Will a number be my unique identity?
Well, just like many of you, I am yet to get my Aadhaar card and the unique identity number. Yes, the Government of India is yet to get my retina scan and fingerprints. It is not that I have been lazy to get that unique identity through which the government database will know me inside-out; I am only sceptical if my very personal details will be safe enough with the handlers of that information.
My scepticism about data with government or quasi government organizations started with the MTNL landline connection. Within a week of installation, I started getting calls from random sales agents selling insurance, loans and water filters, or someone asking for urgent charity to help a cancer patient. Well, they know not just my name and address but even how much I am paying for my Internet connection and how often I am online.
So, when I get my Aadhaar card and link up my other identifying documents like driving license, mobile number, voter ID number, house address and even bank account details (to get so-called subsidies and loans), I wonder what the future shape of stalking will be. Imagine a telemarketer calls and says, Hello ma’am. A very happy birthday since you have turned 50 today. Since you do not have much money in your bank to celebrate the same, we have decided to give you a special discount on a pizza. And as your mobile location via GPS suggests that you are not at your home, but in a nearby park, we will deliver it right there. We are sure that after receiving this service, you will not search for our competitors’ outlets on the Internet. Also, just a personal advice, ma’am – please pay off the chalaan that you got for over-speeding. It doesn’t suit an intelligent person like you to disobey law. By the way, your passport has just got a Singapore visa, do visit our outlets there – we serve Indian tadka there.
All right, I may be exaggerating there. I do understand that there are privacy-protection policies, etc. But I am also aware of the lowbrow activities of marketers leaving no stone unturned to identify potential buyers. Be it an insurance company, a telecom service provider, companies selling cars, or candy-making brands, they all are in continuous pursuit of maximum information on maximum consumers. They anyway already know a lot through our social media accounts and IP addresses, and once we club all our identities and put them under a ‘unique identity number’, a number that can provide the most-sought-after information on consumers, one can imagine the possibilities. (Another conspiracy theory that is doing the rounds in closed circles, which I must not talk about, is that Aadhaar will help politicians in finding and influencing voters through customized messages as per their profiles.)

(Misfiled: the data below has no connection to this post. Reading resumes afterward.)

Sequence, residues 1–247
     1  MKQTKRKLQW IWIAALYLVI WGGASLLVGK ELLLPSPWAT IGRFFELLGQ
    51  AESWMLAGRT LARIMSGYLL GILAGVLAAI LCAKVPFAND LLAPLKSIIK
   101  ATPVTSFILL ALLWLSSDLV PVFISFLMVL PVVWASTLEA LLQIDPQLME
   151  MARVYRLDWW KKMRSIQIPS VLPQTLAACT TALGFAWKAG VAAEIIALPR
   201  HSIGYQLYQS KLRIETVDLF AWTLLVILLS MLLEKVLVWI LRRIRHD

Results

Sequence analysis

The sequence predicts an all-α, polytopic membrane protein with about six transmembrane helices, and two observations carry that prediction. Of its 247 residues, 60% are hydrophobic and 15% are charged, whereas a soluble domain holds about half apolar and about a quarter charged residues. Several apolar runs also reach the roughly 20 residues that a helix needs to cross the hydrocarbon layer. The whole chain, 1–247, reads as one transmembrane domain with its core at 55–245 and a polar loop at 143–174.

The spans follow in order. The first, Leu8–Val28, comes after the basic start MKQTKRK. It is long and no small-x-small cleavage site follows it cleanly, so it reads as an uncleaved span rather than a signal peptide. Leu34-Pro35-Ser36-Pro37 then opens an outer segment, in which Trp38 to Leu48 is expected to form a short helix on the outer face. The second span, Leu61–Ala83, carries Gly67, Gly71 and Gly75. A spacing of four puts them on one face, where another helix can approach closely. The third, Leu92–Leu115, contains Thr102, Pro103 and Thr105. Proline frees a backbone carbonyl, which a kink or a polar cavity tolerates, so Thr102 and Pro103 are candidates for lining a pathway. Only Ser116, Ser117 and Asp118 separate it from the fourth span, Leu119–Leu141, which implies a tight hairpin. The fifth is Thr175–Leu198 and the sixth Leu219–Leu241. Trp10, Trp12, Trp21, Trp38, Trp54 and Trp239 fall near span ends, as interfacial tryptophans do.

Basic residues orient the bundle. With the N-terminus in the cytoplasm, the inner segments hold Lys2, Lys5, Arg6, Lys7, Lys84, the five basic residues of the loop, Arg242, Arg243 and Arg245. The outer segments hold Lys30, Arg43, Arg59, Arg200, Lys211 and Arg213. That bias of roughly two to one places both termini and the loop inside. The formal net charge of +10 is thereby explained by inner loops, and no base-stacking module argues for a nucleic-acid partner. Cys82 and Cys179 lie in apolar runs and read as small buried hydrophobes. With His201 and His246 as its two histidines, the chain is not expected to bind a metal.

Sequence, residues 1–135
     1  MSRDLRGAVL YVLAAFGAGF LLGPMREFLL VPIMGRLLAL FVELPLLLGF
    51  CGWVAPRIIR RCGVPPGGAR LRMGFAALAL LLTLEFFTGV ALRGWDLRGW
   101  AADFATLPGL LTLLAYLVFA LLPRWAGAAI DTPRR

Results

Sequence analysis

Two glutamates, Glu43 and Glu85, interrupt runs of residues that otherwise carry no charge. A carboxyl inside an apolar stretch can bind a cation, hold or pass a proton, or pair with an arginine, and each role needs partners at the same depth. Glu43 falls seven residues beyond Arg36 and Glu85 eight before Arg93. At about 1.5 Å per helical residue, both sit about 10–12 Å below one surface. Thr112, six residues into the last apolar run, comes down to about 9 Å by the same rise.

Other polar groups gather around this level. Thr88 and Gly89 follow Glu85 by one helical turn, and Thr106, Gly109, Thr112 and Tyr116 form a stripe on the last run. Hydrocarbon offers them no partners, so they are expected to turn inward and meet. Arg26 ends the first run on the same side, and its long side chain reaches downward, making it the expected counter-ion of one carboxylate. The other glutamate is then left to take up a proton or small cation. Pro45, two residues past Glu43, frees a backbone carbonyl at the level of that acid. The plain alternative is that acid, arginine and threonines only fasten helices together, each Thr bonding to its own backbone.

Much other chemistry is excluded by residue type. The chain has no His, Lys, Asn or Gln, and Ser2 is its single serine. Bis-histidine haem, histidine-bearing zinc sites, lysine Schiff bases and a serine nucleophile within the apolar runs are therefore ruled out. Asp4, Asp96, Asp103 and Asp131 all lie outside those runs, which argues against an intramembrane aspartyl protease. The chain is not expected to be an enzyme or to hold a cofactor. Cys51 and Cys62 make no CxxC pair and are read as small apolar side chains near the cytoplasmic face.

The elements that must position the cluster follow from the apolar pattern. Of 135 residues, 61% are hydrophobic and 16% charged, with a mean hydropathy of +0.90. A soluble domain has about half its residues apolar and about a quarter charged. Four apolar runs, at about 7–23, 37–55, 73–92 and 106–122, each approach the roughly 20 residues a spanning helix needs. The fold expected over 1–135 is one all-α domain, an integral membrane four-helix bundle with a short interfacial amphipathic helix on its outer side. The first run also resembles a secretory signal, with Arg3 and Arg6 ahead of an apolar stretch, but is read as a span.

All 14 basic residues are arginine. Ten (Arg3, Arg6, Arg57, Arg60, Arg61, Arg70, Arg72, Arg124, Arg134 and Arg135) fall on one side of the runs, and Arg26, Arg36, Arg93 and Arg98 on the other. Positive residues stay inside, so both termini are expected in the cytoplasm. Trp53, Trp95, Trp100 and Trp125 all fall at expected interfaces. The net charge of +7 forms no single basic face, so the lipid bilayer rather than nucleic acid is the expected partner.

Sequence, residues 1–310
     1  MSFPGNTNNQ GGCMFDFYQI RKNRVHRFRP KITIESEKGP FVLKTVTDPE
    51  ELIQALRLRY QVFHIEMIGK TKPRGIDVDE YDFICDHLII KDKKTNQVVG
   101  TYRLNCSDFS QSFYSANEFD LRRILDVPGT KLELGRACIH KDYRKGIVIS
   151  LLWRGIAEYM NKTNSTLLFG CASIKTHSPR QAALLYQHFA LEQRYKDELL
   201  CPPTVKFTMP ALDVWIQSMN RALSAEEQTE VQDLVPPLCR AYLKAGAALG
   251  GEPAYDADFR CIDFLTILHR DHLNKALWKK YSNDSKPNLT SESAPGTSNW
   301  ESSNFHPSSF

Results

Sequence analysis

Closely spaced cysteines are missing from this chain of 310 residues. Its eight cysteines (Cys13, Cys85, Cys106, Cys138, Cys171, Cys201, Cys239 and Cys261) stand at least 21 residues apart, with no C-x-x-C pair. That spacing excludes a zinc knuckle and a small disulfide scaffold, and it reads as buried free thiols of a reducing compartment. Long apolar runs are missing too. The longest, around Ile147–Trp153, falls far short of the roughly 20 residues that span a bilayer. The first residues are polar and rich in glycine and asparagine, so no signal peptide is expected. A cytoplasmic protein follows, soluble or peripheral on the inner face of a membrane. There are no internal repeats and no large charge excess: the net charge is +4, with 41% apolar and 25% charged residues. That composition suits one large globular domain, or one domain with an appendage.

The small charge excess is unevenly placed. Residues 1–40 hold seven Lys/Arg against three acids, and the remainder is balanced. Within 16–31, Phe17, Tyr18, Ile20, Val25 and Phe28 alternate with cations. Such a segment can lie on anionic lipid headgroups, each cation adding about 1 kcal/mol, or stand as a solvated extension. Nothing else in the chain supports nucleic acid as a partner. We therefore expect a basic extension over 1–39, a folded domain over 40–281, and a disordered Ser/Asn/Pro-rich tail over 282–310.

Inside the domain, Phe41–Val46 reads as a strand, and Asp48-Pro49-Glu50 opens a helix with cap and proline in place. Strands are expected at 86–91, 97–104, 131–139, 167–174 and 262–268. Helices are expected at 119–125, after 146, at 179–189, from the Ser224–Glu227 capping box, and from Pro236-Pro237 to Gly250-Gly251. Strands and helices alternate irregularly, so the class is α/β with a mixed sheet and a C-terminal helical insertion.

Yes, I agree that we must acknowledge the advantages of having a unique identity. The identity will certainly empower the downtrodden masses, help in keeping a check on crime and corruption, and lead to relatively effective governance, apart from other multiple benefits.
The purpose of penning down my apprehensions is to request the Unique Identification Authority to device a fool-proof mechanism to protect our identities from those who may misuse it. Since the responsibility of creating Aadhaar cards is with private contractors, the risk of losing identities is high. There is all the reason to expect that the Aadhaar becomes an individual’s strength and not the marketer’s tool.
Padma Joint editor